July 23, 2024

CDN (Content Delivery Network) explained

Perhaps if you hear CDN, you can get confused, or you totally ignore what it is about. But what if we mention Amazon, Netflix, Facebook, or Youtube?

Well, CDN is currently as popular as such international ventures. Just you don’t know it because it works in the backstage. Without it, not only those companies but many around the world just could not deliver their content to all their users.

You have your movie, music, social network’s images, the last series’ chapter, or news accessible, fast, in milliseconds after you required them, due to CDN. No matter how far you are from the original source.

What is CDN?

A content delivery network, also called, content distribution network (CDN), is a network of data centers and proxy servers distributed in different and strategic geographic points.

Every network’s server is known as a point of presence (PoP). They all have in their cache memory data for users of specific locations. It’s a service you can have besides your main web hosting. It’s a compliment (not a replacement) to cache many copies of data and set them globally to guarantee access to users.

In the late 1990s, CDN was created to solve traffic jams on the Internet while increasing availability and improving the general performance of the Internet.

Today, the demand for delivery content has massively grown, and CDN use too. Scripts, text, graphics, documents, software, media files, e-commerce sites, social media, live and on-demand streaming media, etc. Just think about all possible content that is distributed through the Internet.

How does CDN work?

CDN needs a large servers’ network for caching data, content that will be distributed to specific audiences (locations). To get that infrastructure is the key. Therefore, CDN providers strategically establish their PoPs. This requires a detailed analysis of Internet exchange points (IXPs), the physical infrastructure Internet service providers (ISP) use. On those exact IXPs, speed and location are the best.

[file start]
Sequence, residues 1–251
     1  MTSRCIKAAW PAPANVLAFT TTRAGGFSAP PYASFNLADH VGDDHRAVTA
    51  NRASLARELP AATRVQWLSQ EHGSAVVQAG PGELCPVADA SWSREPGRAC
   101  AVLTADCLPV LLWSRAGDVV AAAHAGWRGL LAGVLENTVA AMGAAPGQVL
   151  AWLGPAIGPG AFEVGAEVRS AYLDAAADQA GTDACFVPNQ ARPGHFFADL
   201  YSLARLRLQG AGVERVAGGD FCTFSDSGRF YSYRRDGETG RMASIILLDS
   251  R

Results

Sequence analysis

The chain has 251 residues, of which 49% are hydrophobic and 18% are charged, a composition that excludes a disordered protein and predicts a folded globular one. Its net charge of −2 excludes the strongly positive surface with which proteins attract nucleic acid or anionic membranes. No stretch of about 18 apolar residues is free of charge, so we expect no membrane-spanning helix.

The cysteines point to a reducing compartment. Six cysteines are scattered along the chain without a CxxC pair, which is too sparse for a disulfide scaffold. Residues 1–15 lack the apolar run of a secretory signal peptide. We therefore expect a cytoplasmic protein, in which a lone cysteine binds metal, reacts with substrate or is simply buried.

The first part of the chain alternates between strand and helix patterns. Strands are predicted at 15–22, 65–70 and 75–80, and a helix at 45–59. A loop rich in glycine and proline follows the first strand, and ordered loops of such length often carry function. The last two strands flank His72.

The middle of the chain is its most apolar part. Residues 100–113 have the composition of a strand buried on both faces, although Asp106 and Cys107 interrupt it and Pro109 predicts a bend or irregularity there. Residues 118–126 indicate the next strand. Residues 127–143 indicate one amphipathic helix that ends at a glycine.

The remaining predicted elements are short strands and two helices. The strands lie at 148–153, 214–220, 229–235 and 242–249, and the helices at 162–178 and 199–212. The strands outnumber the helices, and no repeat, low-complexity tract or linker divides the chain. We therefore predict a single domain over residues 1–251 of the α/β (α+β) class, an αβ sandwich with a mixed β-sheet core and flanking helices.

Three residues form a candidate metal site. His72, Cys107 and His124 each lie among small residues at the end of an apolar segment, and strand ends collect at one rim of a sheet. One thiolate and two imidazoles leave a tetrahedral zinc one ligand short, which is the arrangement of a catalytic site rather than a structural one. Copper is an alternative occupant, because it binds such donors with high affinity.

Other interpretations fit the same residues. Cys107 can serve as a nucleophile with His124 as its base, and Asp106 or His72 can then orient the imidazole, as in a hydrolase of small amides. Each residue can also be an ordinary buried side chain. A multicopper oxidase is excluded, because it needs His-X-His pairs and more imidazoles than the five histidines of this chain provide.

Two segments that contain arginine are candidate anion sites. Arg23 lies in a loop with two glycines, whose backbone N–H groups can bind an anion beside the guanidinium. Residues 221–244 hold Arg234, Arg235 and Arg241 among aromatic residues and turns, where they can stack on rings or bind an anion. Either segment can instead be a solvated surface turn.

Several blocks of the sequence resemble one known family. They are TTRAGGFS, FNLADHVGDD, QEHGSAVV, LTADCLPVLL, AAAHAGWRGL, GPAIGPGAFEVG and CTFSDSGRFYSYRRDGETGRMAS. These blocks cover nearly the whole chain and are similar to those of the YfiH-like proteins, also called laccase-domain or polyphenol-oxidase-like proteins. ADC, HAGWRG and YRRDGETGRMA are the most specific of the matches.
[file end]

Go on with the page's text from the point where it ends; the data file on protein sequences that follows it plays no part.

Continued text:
CDN providers have to choose because to have PoPs in every available IXP would be really expensive. 

Then, through the use of GeoDNS tech, your website’s users get connected to the quickest and closest server. And this efficient connection doesn’t depend on obtaining the data (content) from the web hosting. The time that this saves is gold for your business.

CDN involves the use of already existent infrastructure, and CDN providers do not directly own it. What happens is, Content Delivery Network providers offer their service, clients hire them because they have content that must be delivered to their users. CDNs have to pay the carriers, Internet service providers, operators of networks for using their data centers to host CDNs’ servers.

Advantages of using CDN

  • Since CDN PoPs are established on IXPs, you get the benefit of high speed and strategic location. Your users will have fast and accurate access to your content every time they require it.
  • It’s a great solution for better up-time. With all the servers that will cache your business’ data, if a server experiences a problem or is down for a reason, another for sure will respond.
  • To respond efficiently and fast won’t depend only on your web hosting. 
  • Less bandwidth. Many of the users’ requests will be attended by secondary servers close to them. The primary server will be less demanded. That is not a minor benefit if you consider just the bandwidth that videos require to be loaded. 
  • Higher speed. Users’ requests will travel shorter distances, and the result will be given quicker. Users’ devices will receive the requested content from the closest secondary server that has it available in its cache.


High speed has become a key factor in determining websites’ efficiency, enhancing their performance, satisfying users’ experience, and ranking better on search engines. CDN produces a positive domino effect on your website’s performance. Use it and feel the benefits directly in your pocket!

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